March 18


Weight Loss by Phone

By Sue Ingebretson

March 18, 2014

diary, journaling, phone, photographs, weight, weight loss, weight management



I’m a geek when it comes to behavioral psychology. And, there’s no better topic to demonstrate self-sabotage, limiting beliefs, and resistance to change than weight loss. That’s why I’m always interested in studying weight loss strategies and when I found this one was as close as my phone? Count me intrigued!


Have you heard the adage — what gets measured gets done? Well, this tip takes that old saying to a new level.


Before I reveal this tip, let’s look at the top three things that sabotage our weight loss or weight management success. Do you know what they are?


1) Eating when we’re not hungry (and doing so mindlessly)
2) Underestimating what we’ve just eaten
3) Dieting (any plan that’s supposed to be temporary will have temporary results … meaning the results don’t stick)

Years ago, when I was writing my book, FibroWHYalgia, I was researching journaling as a stress management tool. I remember reading about a study in Portland that used journaling for weight loss. They found success was not only predictable with journaling, but that the rate of success directly correlated to the number of days per week that the food journals were kept.


In a nutshell –
Consistent Journaling = Consistent Results.


But let’s get real. The practicality of writing down everything you eat is a hassle. And, if you don’t do it right away, it’s easy to forget. Sure, there are lots of apps these days that can make it pretty simple, but let’s take this journaling thing to the next level. This tip is as simple as it gets and sounds like a retort from a 3rd grader.


—–>   Take a picture – it lasts longer.


Seriously, keep a picture diary! Take a picture of absolutely everything you’re going to eat. Just fixed your breakfast smoothie? Snap a pic. Grabbed a to-go lunch from a drive-thru? Get it all out of the bag and take a pic. Snacking on pistachios in the afternoon? Take a pic of the bag or bowl before you eat, and again after.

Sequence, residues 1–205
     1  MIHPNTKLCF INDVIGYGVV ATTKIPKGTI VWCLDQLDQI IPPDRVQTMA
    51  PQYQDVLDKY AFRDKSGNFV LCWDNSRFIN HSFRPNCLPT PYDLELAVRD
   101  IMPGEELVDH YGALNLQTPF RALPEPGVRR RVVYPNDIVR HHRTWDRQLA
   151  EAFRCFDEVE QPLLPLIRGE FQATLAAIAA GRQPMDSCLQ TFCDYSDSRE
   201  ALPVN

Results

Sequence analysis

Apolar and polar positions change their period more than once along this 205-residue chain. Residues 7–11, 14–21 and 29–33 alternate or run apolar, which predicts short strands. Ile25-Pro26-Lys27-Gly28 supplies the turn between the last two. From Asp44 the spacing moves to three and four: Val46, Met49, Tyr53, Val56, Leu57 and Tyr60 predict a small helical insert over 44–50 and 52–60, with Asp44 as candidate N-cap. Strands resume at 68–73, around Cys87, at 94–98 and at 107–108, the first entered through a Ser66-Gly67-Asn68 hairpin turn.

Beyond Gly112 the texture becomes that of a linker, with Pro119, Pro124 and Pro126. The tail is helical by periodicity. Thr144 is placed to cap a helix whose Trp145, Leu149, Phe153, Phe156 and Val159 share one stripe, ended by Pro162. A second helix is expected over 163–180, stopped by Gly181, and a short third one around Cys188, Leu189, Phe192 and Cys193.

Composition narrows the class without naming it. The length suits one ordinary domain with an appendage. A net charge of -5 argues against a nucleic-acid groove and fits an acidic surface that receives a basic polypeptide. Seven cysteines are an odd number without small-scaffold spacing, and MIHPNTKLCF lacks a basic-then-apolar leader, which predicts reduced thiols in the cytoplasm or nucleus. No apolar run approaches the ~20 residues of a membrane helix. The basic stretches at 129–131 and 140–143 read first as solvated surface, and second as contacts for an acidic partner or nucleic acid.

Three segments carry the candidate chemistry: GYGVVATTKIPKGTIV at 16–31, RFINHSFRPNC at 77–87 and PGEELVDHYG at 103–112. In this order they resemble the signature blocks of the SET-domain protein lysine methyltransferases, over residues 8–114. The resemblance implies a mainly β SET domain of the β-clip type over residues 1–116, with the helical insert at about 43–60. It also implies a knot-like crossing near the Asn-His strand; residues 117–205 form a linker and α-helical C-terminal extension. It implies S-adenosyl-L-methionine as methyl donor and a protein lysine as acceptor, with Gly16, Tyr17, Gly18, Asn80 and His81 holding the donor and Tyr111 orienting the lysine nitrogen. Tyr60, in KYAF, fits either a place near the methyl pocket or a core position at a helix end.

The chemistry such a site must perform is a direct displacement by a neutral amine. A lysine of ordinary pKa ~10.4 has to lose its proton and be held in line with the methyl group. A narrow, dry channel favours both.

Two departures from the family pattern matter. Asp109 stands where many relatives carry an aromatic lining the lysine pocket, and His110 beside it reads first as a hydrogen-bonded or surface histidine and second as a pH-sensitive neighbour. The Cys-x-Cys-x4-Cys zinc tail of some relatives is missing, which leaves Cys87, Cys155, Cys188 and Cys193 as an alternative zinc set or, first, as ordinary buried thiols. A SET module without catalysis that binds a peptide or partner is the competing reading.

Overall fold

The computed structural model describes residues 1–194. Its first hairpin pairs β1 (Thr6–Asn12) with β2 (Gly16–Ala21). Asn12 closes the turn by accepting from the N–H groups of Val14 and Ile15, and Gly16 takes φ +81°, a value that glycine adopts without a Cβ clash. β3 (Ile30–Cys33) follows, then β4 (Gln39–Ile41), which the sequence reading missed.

Email the snapshots to yourself and keep them in a food folder for your review. This isn’t a punishment exercise, it’s an enlightening exercise. It has multiple benefits.


A) You can’t fudge how big (or small) your portion sizes are
B) You can easily see what you ate for the day and relate that to how you feel.
C) You can go back and use the photographs to review what meals worked well for you and which ones – not so much
D) You can use the photographs to remind yourself of recipes and ingredient combinations that you may otherwise forget
E) You’re more likely to self-edit what you plan to eat when you know it’ll be photographed
F) The pictures serve as validation of how much or how well you’re eating (for those who may feel deprived and otherwise underestimate how much they’re eating)
G) The pictures are useful when looking to make healthier substitutions


Your phone is almost always at hand, right? If we’re eating, it’s there. If we’re snacking, it’s there. Why not let it do some journaling work for you? And, this is completely private. No need to share unless you want to.


Can you think of other ways that a photo food journal would be useful? Do tell!


Enter your comments below.

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Stop-Feeding-Yourself-PAINDo you know why breakfast has the greatest potential to contribute to your PAIN? If not, grab your free Stop Feeding Yourself PAIN guide here, and learn why!


Sue-IngebretsonWould you like to begin your own self-discovery process and heal from the inside out? Check out Sue’s Rebuilding Wellness site – and click on the Work With Sue tab to learn more. Simply email that form if you’d like more information. 

  1. What a wonderful idea! A picture is indeed worth a thousand words so they say;) I think it would be a good idea to encourage the brain to ‘see’ the reality of food intake. Clever except I don’t have a system like that to use. I could use my digital camera. I will keep that in mind.

    1. There are blogs devoted to this topic and some people use their phones, and others use “better” cameras. My brother is an amazing photographer, but he always says, “The best camera is the one that’s in your hand.”

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